Who said mums can’t run? 11 things to consider before hitting the pavement.

Updated: Apr 13

The burning question is often 'when can I start to run?' especially if you love running as much as I do, or used to anyway. Eager to start running again after having my daughter, I hired a treadmill for my back deck and as soon as I was given the green light to start exercising again by my Doctor I was ready to go! Or so I thought. Running used to be my outlet, a time to think, be in my own head space and feel amazing from the happy hormones. There’s nothing quite like the hit running gives and becoming a new mum, I longed for that time to myself. You don’t know what you don’t know, that is why I would like to share with you the information I wish I had when I started running. This will then give you awareness to make informed choices for your own body.

Enjoying a non alcoholic beer at the finish line at Berlin Marathon.


Your 6 week check isn’t enough

Speaking from experience and working with 100’s of mums many women unfortunately don’t get assessed at their 6 week appointment. It is all about the baby and because most of us are in a new born bubble, we don’t even consider ourselves at this stage. I remember being asked some questions in relation to my mental health and that was it. I believe we have a huge way to go in this department and that is why I recommend seeing a women's health physio before you start exercising to give you a full consultation.


So when can I return to running?

This answer isn’t as linear as you may think. We have lots of factors to weigh up and I would like to run you through some of the considerations to take into account:

  • If you were doing strength training and trained right throughout pregnancy, then when returning to exercise your body may recover faster meaning you will be ready to run sooner having more strength and potentially stronger glutes which are essential for running.

  • What type of birth you had, every single pregnancy and birth is different which means each recovery will be different.

  • Your pelvic floor coordination and strength to manage load and impact, your breathing pattern and abdominal wall pressure control.

  • If you have any signs or symptoms of incontinence, heaviness or ballooning in your pelvic region or have diastasis recti that is not functional.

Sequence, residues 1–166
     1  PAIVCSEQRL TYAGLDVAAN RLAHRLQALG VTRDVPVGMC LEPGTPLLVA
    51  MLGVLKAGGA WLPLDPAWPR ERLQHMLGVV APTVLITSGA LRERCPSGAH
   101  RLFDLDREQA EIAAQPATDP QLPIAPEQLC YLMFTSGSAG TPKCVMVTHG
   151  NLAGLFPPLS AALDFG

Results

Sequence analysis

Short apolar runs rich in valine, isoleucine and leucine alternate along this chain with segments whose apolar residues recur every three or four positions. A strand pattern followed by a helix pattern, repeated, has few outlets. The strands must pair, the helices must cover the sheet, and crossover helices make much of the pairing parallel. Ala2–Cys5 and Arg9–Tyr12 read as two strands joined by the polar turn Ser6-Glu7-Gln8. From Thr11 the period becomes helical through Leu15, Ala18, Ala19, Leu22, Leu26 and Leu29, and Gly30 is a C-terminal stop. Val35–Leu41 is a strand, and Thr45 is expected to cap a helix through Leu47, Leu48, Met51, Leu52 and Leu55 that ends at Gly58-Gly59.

• Hypermobility - having joints which are extra mobile may have added risk of injury, a great reason to strength train.

  • When you breastfeed you have decreased estrogen and raised relaxin which causes joints to have much more laxity in them - again having a higher risk of injury.

  • Obesity can cause extra load onto the pelvic floor, so walking may be a good first point of call.

  • Caesarean scarring or perineal scarring can restrict your movement so giving it adequate time to heal is important. Having some mobilisation to the scar tissue may help.

Many mums have the goal of returning to running as soon as they feel able and seeing a Postnatal Specialist or Women's Health Physio can really help put a plan in place. They will give you a load and impact management assessment and if you pass a number of exercises without any symptoms and feel strong you can generally return after 12 weeks. This would entail following a gradual progressive program. If you run prior to 12 weeks your body may not have had time to heal. Although this is not a blanket rule for everyone, there may be a small minority who are able to run pre 12 weeks. All I would say is remember what your body has done and respect it for where it is at, at that stage. Having good sleep and eating nutritious food helps with the recovery period.


Some extra things to think about:

  • It is not advised to run with a pram before 6 months to protect the baby's neck and spine and is recommended to start slowly using 2 hands. Ideally running with a pram with fixed wheels. (Remember the extra load on your pelvic floor too).

  • Wear a good sports bra! Compression bras which are not professionally fitted compress your breasts and is better health for our lady friends if we have a supportive bra.

  • Elusive SLEEP! If you have a choice between sleep and going for a run, sleep should trump running every time, especially if you are tired and lacking those zzz’s.

Lastly I would like to recognise the relationship between our mental health and running, with running having a huge benefit making us feel a million bucks. As someone who used to run a lot before pregnancy this is where we need to be mindful that our athlete brain doesn’t take over and we don’t over train or over work our body. It has been known to become addictive resulting in the mother becoming very depleted.


To wrap it up. My advice would be to focus on what you can do now, get strong, don’t rush into running and think of the bigger picture so you can run injury free into your later years.


If you are unsure of your current run ready status and would like to do a self test I’d love to offer you a FREE run analysis! By performing this assessment you will find out if you are ready to run! It will give you an indication of where you may need some extra love and attention. It could be working on your balance with single leg exercises or strengthening your core for added stability. That’s where I can help as I have designed a program to build strength, power and endurance to really transform your runs, with reduced pain and no leaking! Yay! More on that later. First up, download your FREE run analysis.


If you are considering seeing a women’s health physio and unsure who to visit in your area you can locate one of our partners in our mumsafe directory.


Take care,

Yours in health, happiness and connection.

Rach xx


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